The Confederate Seal
MOTTO “With God As Our
The Opposing Sides
In 1860 The United States had 8
military colleges, and 7 of them
were in the South. The confederacy
had a large number of trained
officers to lead its armies.
The North had strong naval power.
3/4 of the U.S. Navy's officers came
from the North.
The Navy’s warships and all but
two of the nation’s shipyards
remained under Union Control.
North had a larger population.
Financing the War: N
Both sides had to raise money for the war.
The North controlled the treasury, but concern about their
ability to win the war, people wanted to withdraw gold and
silver from the banks.
The banks could not buy government bonds without G & S,
and without that, could not pay their troops.
Congress passed the Legal Tender Act (February 1862)
Created a national currency and allowed the government to
issue paper money.
Called greenbacks because
Financing the War: S
Compared to the North, The Confederacy was poor.
Most Southern planters were in debt and unable to buy
They taxed trade, but shortly after the war began, the
Union Navy blockaded Southern ports which reduced trade
They imposed new taxes, but many Southerners refused to
Lacking sufficient money, they printed paper money to pay
bills. This caused rapid inflation in the South. By the end of
the war the South experienced 9,000% inflation compared
to 80% in the North.
Party Politics in the North
Divisions within his own party! Who is he?
Many Republicans were abolitionists, but Lincoln’s goal was to
preserve the Union, even if it meant allowing slavery to
He also had the Democrats
War Democrats= supported a war to restore the Union but
opposed ending slavery
Peace Democrats=opposed the war and called for reuniting
the states through negotiation rather than force
Party Politics in the North
people to enter the
military service (if not
Riots erupted in
a legal order for an inquiry to
determine whether a person has
been lawfully imprisoned
To enforce militia law, Lincoln
suspended writs of habeas
When this is suspended, a person
can be imprisoned indefinitely
without a trial.
Lincoln suspended the writ for
anyone who openly supported the
rebels or encouraged others to
resist the militia draft
Weak Southern Government
states’ rights over a central
This often interfered with
President Jefferson Davis’s
ability to conduct the war.
Many Southern leaders
supported the war, but
opposed Davis when he
supported conscription and
established marital law early
Europe was in a difficult position. The United States
did not want them interfering.
Confederate leaders wanted the opposite. They
wanted the Europeans (especially British) to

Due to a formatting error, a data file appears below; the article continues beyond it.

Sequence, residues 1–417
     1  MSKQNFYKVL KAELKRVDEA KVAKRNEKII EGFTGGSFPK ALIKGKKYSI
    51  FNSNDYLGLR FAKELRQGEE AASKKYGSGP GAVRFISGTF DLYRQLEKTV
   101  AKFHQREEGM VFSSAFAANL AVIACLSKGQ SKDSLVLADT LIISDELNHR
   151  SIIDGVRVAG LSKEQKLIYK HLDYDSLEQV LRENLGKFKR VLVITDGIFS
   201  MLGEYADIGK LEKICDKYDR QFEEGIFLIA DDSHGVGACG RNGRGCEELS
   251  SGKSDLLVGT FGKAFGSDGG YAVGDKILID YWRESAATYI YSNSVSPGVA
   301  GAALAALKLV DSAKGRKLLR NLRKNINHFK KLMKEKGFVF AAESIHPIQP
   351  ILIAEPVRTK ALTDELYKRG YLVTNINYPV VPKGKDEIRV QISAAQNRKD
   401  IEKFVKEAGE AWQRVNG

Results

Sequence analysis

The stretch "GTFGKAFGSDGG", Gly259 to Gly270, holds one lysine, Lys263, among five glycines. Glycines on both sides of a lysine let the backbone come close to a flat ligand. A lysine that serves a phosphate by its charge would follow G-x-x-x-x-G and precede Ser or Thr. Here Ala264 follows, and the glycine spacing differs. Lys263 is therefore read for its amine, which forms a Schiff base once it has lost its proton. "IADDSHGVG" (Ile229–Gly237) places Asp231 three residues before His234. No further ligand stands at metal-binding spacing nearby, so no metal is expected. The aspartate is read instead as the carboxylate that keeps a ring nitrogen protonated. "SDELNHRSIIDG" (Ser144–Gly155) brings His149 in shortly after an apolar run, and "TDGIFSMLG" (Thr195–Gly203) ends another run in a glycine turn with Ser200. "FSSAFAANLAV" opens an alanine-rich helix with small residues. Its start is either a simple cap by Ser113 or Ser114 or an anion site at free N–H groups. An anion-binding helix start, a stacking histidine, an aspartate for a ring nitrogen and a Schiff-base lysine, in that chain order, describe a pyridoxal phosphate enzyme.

recognize the Confederate States of America as
independent and provide military assistance.
British and French relied on their cotton.
They all met. The French said they would recognize
if the British did so. British leaders were not ready to
risk war with the U.S. Until the Confederacy won
some victories, and proved they would survive the
war, they would not risk it.
Able to inflict
At the beginning of the war, Jefferson Davis hoped to
encourage his generals to wage a defensive war of attrition
(wearing down by constant harassment or attack). He believed
that this would eventually exhaust the Union’s resources and
troops, forcing it to negotiate with the Confederacy. However,
Southerners largely rejected this strategy, believing it did not
highlight their strength and bravery.
Union General Winfield Scott devised the Anaconda Plan,
which was meant to slowly squeeze the life out of the Southern
rebellion. He wanted to establish a Union blockade of Southern
ports and split the Confederacy by taking the Mississippi,
eliminating its ability to receive supplies. Many Northerners,
however, wished to achieve a quick victory through a large,
powerful invasion of the South.
Ulysses S. Grant
The Confederate Generals
Robert E. Lee
Preparing For War
First Battle of Bull Run One of the most important battles
of the early war was the First Battle of Bull Run. After a
strong start, the Union faltered, allowing Confederate
forces to surge to victory. The loss showed that the
Union would need a large, well-trained army to win the
Conscription By 1862 volunteer enlistment on both sides
of the conflict had dropped greatly. The Confederacy
instituted the draft in April 1862, and the Union instituted
a law requiring state militias to serve three months later.
The following year, the Union instituted a formal draft.
The Union Blockade By the spring of 1862, the Union had
successfully blockaded nearly every Southern port along the
Atlantic. This significantly dampened the Confederacy’s ability to
trade with European nations and halted the importation of supplies.